DISTROY WINDOWS 10 SPYING – Privacy Concerns
As we all know since windows 7 Microsoft has altered its operating system to be more user friendly and at the same time collect more user data on its customers, When windows 8 was launched , there were big changes including location platform and many more but now with the new Windows 10 release there are endless limitations on the collection of data being sent to Microsoft.
Some group has released a piece of software which eliminates all apps, and blocks the data from being sent to Microsoft. I will not comment much on the software but see below what it does block.
Also a new app by the name of DoNotSpy10 has been created by a German developer pXc-coding.
Destroy Windows 10 Spying is an app that can block anonymous data being sent, remove apps that can’t be removed the standard way and more. I liked that it can remove some of the Windows default programs that can’t be removed under Apps & Features, an annoyance I immediately discovered since I prefer to “slim” down windows.
I should note that there are still a few steps to complete, you’ll still need to go online to Microsoft’s site and opt out of the company’s invasive advertising tracking features when using DoNotSpy10 or other piece of software.
It’s your own fault if you don’t know that Windows 10 is spying on you. That’s what people always say when users fail to read through a company’s terms of service document, right?
Well, here is Microsoft’s 12,000-word service agreement. Some of it is probably in English. We’re pretty sure it says you can’t steal Windows or use Windows to send spam, and also that Microsoft retains the right to take possession of your first-born child if it so chooses. And that’s only one of several documents you’ll have to read through.
Actually, here’s one excerpt from Microsoft’s privacy statement that everyone can understand:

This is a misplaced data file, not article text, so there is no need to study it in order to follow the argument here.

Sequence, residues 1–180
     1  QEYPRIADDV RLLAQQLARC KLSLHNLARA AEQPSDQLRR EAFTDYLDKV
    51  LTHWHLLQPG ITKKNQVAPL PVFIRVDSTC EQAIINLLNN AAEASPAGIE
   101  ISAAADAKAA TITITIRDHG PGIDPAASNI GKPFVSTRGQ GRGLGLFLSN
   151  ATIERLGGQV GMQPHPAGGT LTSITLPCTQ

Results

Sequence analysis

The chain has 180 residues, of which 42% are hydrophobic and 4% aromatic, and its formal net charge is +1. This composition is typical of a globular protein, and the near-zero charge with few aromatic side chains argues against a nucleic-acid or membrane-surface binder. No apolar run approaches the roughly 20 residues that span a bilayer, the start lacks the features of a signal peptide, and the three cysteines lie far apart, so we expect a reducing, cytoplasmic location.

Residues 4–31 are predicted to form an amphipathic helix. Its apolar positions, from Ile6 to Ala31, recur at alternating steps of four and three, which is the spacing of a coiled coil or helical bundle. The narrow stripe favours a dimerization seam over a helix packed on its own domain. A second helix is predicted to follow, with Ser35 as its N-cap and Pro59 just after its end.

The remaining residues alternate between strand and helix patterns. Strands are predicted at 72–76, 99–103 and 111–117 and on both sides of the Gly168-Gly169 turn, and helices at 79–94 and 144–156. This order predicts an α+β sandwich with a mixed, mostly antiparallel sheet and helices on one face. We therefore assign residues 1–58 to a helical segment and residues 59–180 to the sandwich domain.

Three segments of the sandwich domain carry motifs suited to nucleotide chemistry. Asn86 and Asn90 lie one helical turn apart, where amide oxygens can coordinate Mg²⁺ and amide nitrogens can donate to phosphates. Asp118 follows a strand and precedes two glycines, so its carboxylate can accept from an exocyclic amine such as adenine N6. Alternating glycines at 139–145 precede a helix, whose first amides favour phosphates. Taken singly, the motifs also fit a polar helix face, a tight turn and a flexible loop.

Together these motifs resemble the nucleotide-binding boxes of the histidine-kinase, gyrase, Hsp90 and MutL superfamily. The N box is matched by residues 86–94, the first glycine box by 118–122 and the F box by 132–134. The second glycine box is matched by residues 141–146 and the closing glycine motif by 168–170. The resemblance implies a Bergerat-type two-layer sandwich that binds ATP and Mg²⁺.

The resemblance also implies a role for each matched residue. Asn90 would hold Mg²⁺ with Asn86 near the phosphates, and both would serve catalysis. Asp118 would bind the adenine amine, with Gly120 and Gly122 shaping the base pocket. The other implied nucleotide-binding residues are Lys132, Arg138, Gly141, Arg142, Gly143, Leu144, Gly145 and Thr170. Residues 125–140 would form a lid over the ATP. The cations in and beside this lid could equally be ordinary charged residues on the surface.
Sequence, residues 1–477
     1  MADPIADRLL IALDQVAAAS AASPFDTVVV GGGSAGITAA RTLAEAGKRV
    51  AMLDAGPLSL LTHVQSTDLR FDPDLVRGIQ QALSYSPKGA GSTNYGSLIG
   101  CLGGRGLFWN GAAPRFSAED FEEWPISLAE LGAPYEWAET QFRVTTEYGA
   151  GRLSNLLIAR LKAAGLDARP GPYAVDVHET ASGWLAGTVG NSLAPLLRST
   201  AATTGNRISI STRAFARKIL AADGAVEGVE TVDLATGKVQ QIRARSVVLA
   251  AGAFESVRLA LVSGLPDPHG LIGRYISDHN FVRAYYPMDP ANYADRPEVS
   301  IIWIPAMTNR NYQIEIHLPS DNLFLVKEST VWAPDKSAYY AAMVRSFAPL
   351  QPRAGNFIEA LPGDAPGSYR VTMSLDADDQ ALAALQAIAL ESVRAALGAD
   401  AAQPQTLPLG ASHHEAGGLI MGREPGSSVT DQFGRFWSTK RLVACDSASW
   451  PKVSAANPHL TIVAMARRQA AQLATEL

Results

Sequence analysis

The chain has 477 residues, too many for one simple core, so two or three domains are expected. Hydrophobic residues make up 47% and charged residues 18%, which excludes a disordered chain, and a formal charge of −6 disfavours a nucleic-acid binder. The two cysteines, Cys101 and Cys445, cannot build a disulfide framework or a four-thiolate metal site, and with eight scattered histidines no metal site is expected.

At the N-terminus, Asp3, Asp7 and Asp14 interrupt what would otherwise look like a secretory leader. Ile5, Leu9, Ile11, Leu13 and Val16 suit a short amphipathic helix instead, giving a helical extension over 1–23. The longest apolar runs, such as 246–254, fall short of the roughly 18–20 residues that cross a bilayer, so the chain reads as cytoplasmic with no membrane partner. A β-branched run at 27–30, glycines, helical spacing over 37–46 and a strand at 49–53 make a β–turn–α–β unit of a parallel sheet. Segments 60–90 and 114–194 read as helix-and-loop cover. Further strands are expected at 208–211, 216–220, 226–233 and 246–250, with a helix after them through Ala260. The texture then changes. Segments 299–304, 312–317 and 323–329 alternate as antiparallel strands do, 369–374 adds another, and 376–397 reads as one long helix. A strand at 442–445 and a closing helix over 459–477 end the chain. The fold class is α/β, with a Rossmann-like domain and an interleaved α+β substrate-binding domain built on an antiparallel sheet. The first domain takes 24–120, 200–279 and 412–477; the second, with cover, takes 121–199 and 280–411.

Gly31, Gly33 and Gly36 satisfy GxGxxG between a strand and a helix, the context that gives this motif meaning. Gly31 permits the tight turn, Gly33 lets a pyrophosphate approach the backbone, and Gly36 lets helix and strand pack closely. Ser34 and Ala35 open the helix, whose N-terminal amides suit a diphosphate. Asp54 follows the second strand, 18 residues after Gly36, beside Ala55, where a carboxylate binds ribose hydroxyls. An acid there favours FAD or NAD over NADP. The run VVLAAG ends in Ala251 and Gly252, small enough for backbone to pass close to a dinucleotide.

Finally, we will access, disclose and preserve personal data, including your content (such as the content of your emails, other private communications or files in private folders), when we have a good faith belief that doing so is necessary to: 1.comply with applicable law or respond to valid legal process, including from law enforcement or other government agencies; 2.protect our customers, for example to prevent spam or attempts to defraud users of the services, or to help prevent the loss of life or serious injury of anyone; 3.operate and maintain the security of our services, including to prevent or stop an attack on our computer systems or networks; or 4.protect the rights or property of Microsoft, including enforcing the terms governing the use of the services – however, if we receive information indicating that someone is using our services to traffic in stolen intellectual or physical property of Microsoft, we will not inspect a customer’s private content ourselves, but we may refer the matter to law enforcement.
If that sentence sent shivers down your spine, don’t worry. As invasive as it is, Microsoft does allow Windows 10 users to opt out of all of the features that might be considered invasions of privacy.
Some of the domains we know send anonymous information back to Microsoft include: